|PICTURE: CHRIS CALLINAN: Conrad Lowery (left back), and Tanerahi Keno with Rose Lowery and Kirsten Tulloch.|
|By KELLY EXELBY |
Rose Lowery cried for hours when she walked into a health supplements store last year and first laid eyes on international bodybuilder Kirsten Tulloch.
Lowery and her husband Conrad had just given up kickboxing for bodybuilding and Tulloch's voluminous physique _ chiselled from 13 years of serious weight training _ almost proved too much.
"I walked into the shop and right back out again, packing a real tantrum and crying for almost half a day.
"It was so intimidating for me, just starting out, but what I didn't realise is that we're in completely different classes anyway, so I had it all wrong.
A year after they first met, Lowery and Tulloch are team-mates, helping Tauranga gym Fitco to champion honours at the Bay of Plenty bodybuilding championships in Rotorua. Tulloch, who emigrated from Scotland 18 months ago and was 14th at the world championships in Spain in 1998, was the star of the Bay champs, taking the women's physique class and overall best female performance.
Lowery's husband Conrad brought the house down with an impressive debut performance, finishing second in novice athletic, with another Fitco competitor, Tanerahi Keno, fourth.
Conrad won best male performance for his routine and also teamed with his wife to grab second in the mixed pairs section, helping Fitco topple Sunny Gymz and win the Lake City Gym trophy.
"It's virtually unheard of, a small team of four like ours going to a regional competition and winning against teams far bigger," said Tulloch, who was also selected to compete for New Zealand.
Keno, 25, competed two years ago before "letting my body go a bit" but got serious again late last year. Sorting out his diet was the biggest challenge.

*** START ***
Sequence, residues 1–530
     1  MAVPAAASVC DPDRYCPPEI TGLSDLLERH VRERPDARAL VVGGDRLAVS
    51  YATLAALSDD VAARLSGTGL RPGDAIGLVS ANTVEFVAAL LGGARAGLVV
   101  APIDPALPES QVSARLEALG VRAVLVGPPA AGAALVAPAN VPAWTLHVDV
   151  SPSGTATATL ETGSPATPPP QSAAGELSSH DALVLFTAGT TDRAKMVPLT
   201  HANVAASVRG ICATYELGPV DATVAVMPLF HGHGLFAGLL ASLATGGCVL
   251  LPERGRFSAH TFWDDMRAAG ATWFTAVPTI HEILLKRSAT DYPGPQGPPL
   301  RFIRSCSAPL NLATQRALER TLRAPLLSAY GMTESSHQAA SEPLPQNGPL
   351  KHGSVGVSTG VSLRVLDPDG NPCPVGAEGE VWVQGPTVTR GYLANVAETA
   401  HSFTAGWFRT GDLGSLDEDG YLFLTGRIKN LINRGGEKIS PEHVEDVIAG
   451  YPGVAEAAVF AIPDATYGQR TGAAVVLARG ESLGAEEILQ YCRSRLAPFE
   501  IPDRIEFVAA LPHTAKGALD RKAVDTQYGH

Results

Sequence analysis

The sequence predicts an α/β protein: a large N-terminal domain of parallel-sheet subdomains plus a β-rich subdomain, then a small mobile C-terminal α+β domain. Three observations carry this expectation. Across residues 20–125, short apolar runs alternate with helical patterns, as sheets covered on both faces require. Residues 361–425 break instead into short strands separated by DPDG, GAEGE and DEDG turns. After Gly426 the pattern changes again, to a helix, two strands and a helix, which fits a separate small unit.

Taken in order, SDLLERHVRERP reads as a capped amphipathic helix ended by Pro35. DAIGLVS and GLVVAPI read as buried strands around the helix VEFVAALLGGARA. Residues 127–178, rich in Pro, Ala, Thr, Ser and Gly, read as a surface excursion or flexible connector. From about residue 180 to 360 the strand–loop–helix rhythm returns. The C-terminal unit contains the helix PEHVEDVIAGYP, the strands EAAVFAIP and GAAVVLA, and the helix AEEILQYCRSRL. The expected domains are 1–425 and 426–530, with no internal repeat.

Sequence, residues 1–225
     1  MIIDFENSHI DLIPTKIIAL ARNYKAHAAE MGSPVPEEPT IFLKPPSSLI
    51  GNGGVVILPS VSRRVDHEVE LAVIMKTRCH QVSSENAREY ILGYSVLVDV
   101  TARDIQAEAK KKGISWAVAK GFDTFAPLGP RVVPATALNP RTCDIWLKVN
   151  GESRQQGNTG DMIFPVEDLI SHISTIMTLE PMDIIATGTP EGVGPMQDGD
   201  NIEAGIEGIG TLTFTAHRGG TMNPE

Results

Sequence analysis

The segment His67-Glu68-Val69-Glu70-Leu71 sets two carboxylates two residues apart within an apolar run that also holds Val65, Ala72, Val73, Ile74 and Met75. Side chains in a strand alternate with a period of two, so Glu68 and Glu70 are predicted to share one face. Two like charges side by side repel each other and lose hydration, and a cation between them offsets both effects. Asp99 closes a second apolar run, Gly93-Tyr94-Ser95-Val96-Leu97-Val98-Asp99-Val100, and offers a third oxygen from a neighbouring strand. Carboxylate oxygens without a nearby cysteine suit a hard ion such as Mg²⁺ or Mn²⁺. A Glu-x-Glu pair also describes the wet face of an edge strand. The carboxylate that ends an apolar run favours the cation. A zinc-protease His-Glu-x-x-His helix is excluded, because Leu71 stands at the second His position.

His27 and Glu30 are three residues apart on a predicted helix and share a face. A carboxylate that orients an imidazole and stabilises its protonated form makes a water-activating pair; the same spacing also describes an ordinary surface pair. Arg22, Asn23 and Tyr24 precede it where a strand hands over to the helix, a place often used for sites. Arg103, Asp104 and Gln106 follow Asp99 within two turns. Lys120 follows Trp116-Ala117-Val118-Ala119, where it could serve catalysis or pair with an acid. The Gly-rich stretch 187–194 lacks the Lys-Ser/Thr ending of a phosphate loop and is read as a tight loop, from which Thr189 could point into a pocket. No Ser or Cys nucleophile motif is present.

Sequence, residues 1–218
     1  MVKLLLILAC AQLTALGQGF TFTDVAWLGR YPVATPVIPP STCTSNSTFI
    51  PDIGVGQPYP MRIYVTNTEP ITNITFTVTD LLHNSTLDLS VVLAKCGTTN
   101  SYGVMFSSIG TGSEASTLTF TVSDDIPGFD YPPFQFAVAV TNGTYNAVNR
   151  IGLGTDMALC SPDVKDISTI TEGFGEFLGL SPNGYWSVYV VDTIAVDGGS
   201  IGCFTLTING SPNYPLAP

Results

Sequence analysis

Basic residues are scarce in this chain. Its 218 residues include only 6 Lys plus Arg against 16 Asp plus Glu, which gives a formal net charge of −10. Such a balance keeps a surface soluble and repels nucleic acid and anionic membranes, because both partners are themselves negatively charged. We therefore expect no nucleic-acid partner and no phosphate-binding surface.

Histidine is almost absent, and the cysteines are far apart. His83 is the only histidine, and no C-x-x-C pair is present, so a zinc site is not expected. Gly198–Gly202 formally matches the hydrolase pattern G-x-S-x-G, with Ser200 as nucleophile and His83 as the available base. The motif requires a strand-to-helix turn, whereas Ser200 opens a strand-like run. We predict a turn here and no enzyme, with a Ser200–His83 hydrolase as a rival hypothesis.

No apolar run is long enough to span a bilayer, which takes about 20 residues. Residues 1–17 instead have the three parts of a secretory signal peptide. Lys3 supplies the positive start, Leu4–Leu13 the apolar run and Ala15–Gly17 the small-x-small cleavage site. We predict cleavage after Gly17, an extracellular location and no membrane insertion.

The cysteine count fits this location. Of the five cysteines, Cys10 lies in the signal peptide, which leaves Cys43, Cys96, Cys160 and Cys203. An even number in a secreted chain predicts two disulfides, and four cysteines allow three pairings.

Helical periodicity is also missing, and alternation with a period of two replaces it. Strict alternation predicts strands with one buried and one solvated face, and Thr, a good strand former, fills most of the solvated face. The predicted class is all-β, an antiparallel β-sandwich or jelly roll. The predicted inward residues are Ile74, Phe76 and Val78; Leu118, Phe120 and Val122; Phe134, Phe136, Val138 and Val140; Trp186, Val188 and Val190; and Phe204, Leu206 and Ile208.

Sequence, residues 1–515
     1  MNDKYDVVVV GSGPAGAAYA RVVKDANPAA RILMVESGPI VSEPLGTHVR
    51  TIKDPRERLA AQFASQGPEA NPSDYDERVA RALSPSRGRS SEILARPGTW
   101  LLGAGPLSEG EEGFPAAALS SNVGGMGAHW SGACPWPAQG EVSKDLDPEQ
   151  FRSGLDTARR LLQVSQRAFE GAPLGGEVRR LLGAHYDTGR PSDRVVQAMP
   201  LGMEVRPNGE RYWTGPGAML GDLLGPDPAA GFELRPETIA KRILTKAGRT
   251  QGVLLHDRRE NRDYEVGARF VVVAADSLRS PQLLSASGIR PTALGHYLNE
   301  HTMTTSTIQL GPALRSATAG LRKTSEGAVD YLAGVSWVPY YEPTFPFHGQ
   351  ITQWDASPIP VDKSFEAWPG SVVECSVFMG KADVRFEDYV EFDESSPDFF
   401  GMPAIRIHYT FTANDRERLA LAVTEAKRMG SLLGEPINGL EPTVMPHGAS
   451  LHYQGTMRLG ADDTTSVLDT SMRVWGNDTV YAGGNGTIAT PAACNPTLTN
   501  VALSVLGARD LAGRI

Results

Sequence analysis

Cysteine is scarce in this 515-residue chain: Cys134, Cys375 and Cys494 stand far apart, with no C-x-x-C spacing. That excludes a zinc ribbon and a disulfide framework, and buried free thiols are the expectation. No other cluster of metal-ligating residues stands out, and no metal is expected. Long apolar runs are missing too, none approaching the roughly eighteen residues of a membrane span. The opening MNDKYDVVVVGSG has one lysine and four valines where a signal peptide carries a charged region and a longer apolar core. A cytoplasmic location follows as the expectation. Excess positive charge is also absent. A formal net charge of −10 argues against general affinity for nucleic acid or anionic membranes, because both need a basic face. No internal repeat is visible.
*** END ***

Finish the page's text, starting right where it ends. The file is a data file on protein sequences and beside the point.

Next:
Nutrition was also a big obstacle for the Lowerys. "The more people told us we wouldn't do it the more determined we got," Rose said.
Despite winning best male routine, Conrad admits he struggled to put together a one-minute combination of poses.
"I didn't have anything until a few nights before the competition but my [10-year-old] son Patrick came to the rescue and worked out a routine for me based around [WWF] Wrestlemania, which seemed to go down well."
Tulloch is a former figure competitor who outgrew the more slender class and moved to open physique.
"I'm judged on the same things as the guys _ size, shape, symmetry, density and definition _ but it's harder for a women to get the size a guy does.
"Whereas Rose is little and petite and fits nicely into the figure class, I'm not naturally someone who is small _ I'm stocky and strong and always have been."
Tulloch, whose muscular physique attracts plenty of sideways glances, wants to get even bigger.
She already weight trains nine hours a week and does another hour of cadio fat burning a day.
"For me this is a 24:7 way of life _ it's what I do and who I am. I get up, make all my meals for the day, take my supplements and train.
"Even though I hadn't competed for six years before this, stopping training isn't an option and never will be."